Yesterday I visited my favorite bakery. The counters there, much like the counters everywhere, extend far above my head as I only stand at 4’5, so it’s hard for people to spot me unless they see me come through the door. I was looking at items and was next in line when all of a sudden the woman behind me started to order. She clearly did not recognize I was an adult, and the woman behind the counter hadn’t seen me.
When I was in high school and college especially, these kinds of events used to infuriate me. I would sometimes simply step out of line and leave without ordering anything. I would go home and cry because I felt so badly that I was overlooked. Nowadays, I simply raise my voice and say, “Um, I was ahead of you in line.” It seems to work.
Which strategy do you suppose works out better for me if I want a cupcake? Getting angry, maybe being rude to people, leaving altogether, or simply announcing my presence and completing the purchase? If you guessed choice B, you are spot on. I still find these scenarios to be extremely frustrating, moreso because of people in line than because of people behind the tall counter. But I have learned to be frustrated for a few seconds and then keep moving.
I believe everybody has triggers like this that cause frustration. You could be in the best mood and someone acts in a certain way or says something and you find yourself flying off the handle, right? What you must think about in regards to your hot buttons (because if we think about it we all know what gets us red-faced with anger) is what you accomplish by getting angry and what you could accomplish by moving on.
Let me give you another example. I run a page on Facebook that is dedicated to educating people about why many Little People find the word “midget” offensive. Someone on there said something very interesting one day. They said, “When someone teases you, don’t get mad. Educate.” This is an instance where again you have two possible actions (and this goes for anyone that gets teased about anything). You can get angry or upset or you can try to use the opportunity to raise awareness about why what the person is doing is wrong. Barring that, you can take the opportunity to educate yourself – teach yourself that when someone is rude, insensitive, or mean, it is about them and not about you. It sounds trite and a bit cliché, but some clichés are around because they’re true.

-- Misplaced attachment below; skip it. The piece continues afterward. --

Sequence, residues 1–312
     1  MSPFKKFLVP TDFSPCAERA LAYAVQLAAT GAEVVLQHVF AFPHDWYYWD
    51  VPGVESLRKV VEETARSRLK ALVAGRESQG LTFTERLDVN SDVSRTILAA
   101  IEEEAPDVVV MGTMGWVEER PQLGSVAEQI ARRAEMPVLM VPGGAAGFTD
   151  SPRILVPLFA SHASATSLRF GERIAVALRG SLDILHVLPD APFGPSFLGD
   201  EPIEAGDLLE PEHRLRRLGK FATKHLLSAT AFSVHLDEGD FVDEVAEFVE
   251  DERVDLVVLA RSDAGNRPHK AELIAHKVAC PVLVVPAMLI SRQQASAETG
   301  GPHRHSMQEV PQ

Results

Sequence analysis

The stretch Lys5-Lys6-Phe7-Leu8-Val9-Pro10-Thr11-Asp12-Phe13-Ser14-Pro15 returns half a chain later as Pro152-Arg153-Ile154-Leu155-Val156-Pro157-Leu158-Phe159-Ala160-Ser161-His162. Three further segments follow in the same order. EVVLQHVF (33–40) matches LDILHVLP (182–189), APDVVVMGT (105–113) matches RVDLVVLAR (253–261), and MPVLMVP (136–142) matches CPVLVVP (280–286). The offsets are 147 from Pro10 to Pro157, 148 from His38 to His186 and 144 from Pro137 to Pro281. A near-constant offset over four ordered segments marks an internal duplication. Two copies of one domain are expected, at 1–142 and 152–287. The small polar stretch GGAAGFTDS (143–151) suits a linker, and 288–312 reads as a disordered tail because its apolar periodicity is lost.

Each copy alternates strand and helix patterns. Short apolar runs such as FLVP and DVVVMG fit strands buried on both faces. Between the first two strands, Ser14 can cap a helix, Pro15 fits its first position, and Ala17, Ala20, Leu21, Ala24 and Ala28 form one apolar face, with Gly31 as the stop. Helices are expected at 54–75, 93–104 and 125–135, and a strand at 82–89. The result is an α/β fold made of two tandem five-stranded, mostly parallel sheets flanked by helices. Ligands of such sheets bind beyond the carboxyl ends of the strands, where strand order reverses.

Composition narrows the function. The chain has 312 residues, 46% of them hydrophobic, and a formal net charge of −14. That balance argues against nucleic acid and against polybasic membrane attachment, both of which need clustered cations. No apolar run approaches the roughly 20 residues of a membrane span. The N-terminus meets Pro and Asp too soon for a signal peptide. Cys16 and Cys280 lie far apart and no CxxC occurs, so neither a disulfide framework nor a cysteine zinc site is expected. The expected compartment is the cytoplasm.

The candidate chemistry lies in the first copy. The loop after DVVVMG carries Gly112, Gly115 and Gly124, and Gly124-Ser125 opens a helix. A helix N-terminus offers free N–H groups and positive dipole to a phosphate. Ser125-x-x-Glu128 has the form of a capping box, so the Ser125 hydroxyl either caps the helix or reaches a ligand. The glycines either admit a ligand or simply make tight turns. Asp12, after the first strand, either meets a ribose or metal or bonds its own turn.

Consider too the risks you take if you get mad instead of choosing to move on. For example, let’s say bad driving is one of your hot button issues. If you suffer from road rage, you can actually end up causing an accident yourself. Your flustering and bustering can distract you from what’s actually happening on the road. That’s not a very good trade-off, and I guarantee you that no matter how mad you get, that person will always be a bad driver. Your fingers, your horn, and their ability to read lips will not affect their overall driving philosophy.
So what are your hot button issues? How would it benefit you if you started to move on instead of investing a lot of time in getting angry or hurt or upset? Let’s talk about it!
Image Credit: http://www.flickr.com/photos/sully_aka__wstera2/1407282637/ via Creative Commons